Low-grade inflammation during the early stages of obesity may be triggered by nutrient overload and metabolic dysfunction and thereby cause peripheral insulin resistance (5). We report that glutamine treatment improved the skeletal muscle expression profile of genes related to inflammatory responses as compared with HFD-fed mice, with decreased expression of the cytokine Tnf and the chemokine Ccl2. Accordingly, the expression of the monocyte marker Cd68 and the M1 macrophage marker Cd11c were lower in glutamine-treated HFD-fed mice, suggesting a diminution in macrophage infiltration and/or activation in response to glutamine (36). In parallel, we show that glutamine treatment can directly regulate the expression and secretion of the cytokines IL-6 and CCL2 in human myotubes. Interestingly, inhibition of glutaminase activity by BPTES profoundly increased IL-6 expression in myotubes, suggesting that glutamine catabolism is important for its anti-inflammatory effect. Glutamine conversion by glutaminase generates glutamate, which can undergo metabolism in the TCA cycle (glutaminolysis) or be used as a precursor for the synthesis of glutathione, an antioxidant. Thus, the modulation of NRF2 expression in response to glutamine suggests that lower oxidative stress levels may account for the decrease in cytokine expression in a high-glutamine condition. Conversely, CCL2 expression, despite significant downregulation after a 48-h exposure of cultured cells to high glutamine, was not increased after inhibition of glutaminase activity. This suggests a differential temporal and mechanistic glutamine-dependent regulation of IL-6 and CCL2 expression in myocytes, consistent with an earlier report on isolated adipocytes, where IL-6, but not CCL2, was regulated by glutamine-induced O-GlcNAcylation (11). Collectively, our data indicate that increased glutamine availability may modulate cytokine secretion by myotubes and thereby reduce immune cell recruitment or proinflammatory activity. Of clinical relevance, dietary glutamine supplementation may potentially delay the onset of insulin resistance by modulating skeletal muscle metabolism toward an anti-inflammatory phenotype.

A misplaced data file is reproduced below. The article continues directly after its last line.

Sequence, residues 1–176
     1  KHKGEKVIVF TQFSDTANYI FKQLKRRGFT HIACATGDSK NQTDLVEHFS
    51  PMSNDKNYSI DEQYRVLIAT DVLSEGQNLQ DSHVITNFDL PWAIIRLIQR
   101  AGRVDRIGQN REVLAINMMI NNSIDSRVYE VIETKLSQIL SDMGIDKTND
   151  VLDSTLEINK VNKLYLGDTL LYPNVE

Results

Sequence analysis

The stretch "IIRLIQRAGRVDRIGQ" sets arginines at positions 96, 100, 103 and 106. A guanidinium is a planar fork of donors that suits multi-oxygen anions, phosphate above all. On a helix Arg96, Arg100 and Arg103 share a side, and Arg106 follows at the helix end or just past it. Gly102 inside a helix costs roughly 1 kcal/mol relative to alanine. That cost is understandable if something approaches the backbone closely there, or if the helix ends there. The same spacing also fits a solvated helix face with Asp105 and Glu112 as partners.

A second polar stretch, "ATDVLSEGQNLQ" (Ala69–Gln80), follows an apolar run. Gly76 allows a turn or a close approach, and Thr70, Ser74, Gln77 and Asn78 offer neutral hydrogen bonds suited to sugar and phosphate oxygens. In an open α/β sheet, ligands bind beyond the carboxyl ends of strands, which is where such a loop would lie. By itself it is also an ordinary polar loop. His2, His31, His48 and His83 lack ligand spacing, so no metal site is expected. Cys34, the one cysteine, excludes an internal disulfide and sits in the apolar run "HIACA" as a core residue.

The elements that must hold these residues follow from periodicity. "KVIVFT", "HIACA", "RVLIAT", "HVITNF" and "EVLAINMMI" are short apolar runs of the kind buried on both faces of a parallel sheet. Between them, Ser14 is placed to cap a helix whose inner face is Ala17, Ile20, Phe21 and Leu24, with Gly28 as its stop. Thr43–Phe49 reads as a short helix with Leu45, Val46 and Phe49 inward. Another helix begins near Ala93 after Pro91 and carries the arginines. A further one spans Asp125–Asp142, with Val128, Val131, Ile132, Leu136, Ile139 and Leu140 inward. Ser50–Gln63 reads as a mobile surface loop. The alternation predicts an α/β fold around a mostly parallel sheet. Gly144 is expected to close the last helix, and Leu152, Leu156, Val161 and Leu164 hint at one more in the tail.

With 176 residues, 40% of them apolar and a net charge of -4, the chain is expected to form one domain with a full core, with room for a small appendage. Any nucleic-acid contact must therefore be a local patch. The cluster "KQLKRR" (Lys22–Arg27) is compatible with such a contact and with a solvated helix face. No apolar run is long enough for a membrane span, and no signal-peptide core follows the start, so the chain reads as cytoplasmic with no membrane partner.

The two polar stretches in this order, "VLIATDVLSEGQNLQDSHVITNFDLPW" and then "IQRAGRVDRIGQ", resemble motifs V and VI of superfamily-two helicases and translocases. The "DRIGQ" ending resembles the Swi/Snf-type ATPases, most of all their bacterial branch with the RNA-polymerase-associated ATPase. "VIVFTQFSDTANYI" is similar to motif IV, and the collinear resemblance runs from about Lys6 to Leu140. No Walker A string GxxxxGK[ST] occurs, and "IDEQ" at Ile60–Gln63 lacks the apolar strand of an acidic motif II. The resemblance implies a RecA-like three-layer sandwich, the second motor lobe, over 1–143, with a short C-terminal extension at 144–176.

Glutamine levels can influence the inflammatory response of skeletal muscle and regulate the expression of multiple transcripts. In the current study, a limited number of transcripts were similarly altered in skeletal muscle following stratification by glutamine exposure in humans and mice. This could reflect both the cohort size and interspecies differences in muscle transcriptome (37,38). Therefore, the identified genes are likely glutamine-responsive genes that are conserved across species. Interestingly, we noted that GRB10, an adaptor protein that interacts with tyrosine kinase receptors, was downregulated in skeletal muscle of both humans and mice in conjunction with elevated glutamine levels. Furthermore, Grb10 mRNA was correlated with HOMA-IR in mice, with a similar profile observed in humans. A genome-wide association study identified an association between the GRB10 locus and type 2 diabetes in an Amish population (39). Of functional relevance, disruption of GRB10 in peripheral tissues improves insulin sensitivity in skeletal muscle and adipose tissue (4042). Moreover, downregulation of GRB10 mRNA in human skeletal muscle cells increases insulin-induced PI3K/AKT signaling and glucose uptake (21), which is consistent with the increased AKT activity detected in the EDL muscle of glutamine-treated HFD-fed mice. GRB10 can also be upregulated by mTORC1 activation (43). In our study, LPS treatment of primary human myotubes, which activates the mTORC pathway (44), did not increase GRB10, suggesting that a different mechanism is involved. In skeletal muscle cells, high-glutamine treatment downregulated GRB10 expression, and BPTES inhibition of glutaminase 1 increased GRB10 levels, indicating that GRB10 expression is regulated through glutamine metabolism by glutaminase. Thus, transcription factors sensitive to metabolites, such as CTCF (regulated by α ketoglutarate, an intracellular metabolite of glutamine), are potential candidates for glutamine-dependent GRB10 regulation (45,46). While we cannot exclude the possibility that changes in glutaminase activity increased GRB10 levels in skeletal muscle from men with type 2 diabetes, glutamine supplementation of myotube cultures and in HFD-fed mice was associated with reductions in GRB10 expression in skeletal muscle. Therefore, glutamine modulation of GRB10 could represent a potential target to improve skeletal muscle insulin sensitivity in type 2 diabetes. Nevertheless, further validation by proteomic-based approaches may elucidate the link between glutamine and GRB10 regulation. Additional studies in both men and women may also clarify whether there is a sex-dependent effect of glutamine treatment on insulin sensitivity and inflammation.